A thinner person may adapt by hiding a stash of cookies in their room and consuming then slowly to make them last longer. But for some reason, we overweight people have decided that no hiding spot is more secure than the inside of our stomachs.
If only you had the willpower to stick to “healthy foods only” then you could leave the box of cookies alone. But when you hear “everything in moderation,” then you start to think “of course treats are part of a balanced diet,” which opens the door for you to eat one cookie, and before you know it you’ve polished off the whole box.
“Healthy foods only” doesn’t work either, because it’s too hard
Of course, it’s hard to maintain the willpower to follow a highly-restrictive diet for an extended period of time. Even if you can follow a strict diet for a few weeks and lose weight, the second your motivation flags you’ll probably decide you’ve ruined the whole thing and now you may as well eat whatever you want. Soon enough you’ll regain all the weight you’ve lost.
At least, this is what I’ve heard about why people so often find themselves on yo-yo weight cycles. I myself was never able to follow a strict diet for more than a few days, so luckily I never ended up in such an unhealthy cycle. (An unexpected perk of having very little willpower.)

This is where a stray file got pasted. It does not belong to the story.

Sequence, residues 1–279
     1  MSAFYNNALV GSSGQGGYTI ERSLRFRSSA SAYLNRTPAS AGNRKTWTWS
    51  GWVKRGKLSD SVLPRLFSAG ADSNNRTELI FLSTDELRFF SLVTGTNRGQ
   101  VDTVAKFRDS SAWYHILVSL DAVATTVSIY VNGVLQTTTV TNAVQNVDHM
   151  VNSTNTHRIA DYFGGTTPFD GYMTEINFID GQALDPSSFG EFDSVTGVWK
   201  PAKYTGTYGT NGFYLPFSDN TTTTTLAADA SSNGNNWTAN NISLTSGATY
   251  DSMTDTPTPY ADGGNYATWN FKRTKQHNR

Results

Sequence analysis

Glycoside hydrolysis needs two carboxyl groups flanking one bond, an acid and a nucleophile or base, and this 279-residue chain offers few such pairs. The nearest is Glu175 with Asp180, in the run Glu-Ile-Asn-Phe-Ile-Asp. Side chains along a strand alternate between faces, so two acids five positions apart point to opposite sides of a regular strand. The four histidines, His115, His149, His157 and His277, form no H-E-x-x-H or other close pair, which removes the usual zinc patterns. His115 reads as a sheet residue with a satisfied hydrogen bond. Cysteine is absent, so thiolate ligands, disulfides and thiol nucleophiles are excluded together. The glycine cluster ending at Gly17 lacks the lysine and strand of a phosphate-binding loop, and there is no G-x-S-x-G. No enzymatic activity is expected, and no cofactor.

Weight-loss gurus have taken the yo-yo issue into consideration when advising moderation, which is good of them. However, they have mistakenly skipped the step where you learn to understand what moderation actually is.
Plus, being told “everything in moderation” only makes things worse for people who take the “healthy foods only” route because now they feel guilty for even attempting to deprive themselves. If you try to stick to just salad and green smoothies, now you’re being too health-o-rexic and not living a balanced life. But if you give yourself a treat for being so good, as soon as you taste that delicious sugar you once again cannot stop yourself from devouring the rest of the box.
I’m not saying it’s impossible to follow a healthy diet. Super-strong willpower seems to be a characteristic of most bodybuilders, Olympic champions, diet gurus, etc., and if you want to look (or perform) like them you should probably follow their advice.
I’ll admit that simply learning to feel secure around food won’t get you first place in a bodybuilding competition.
However, it WILL get you an “average” non-obese body. It takes far less effort to just be non-obese than it does to look like an in-shape celebrity or athlete. That’s why I’d advise you to start with baby steps towards your goal, and once you become non-obese, then you can ramp it up to full-scale fitness.
Why not start by becoming non-obese, rather than going crazy with juice cleanses and 2-hour-workouts in an attempt to drop 10 sizes in 3 months?
I promise it doesn’t have to be so hard.
The key is not everything in moderation (if that hasn’t worked for you so far). It’s learning to become secure around food. In a future post, I’ll tell you exactly how to do that.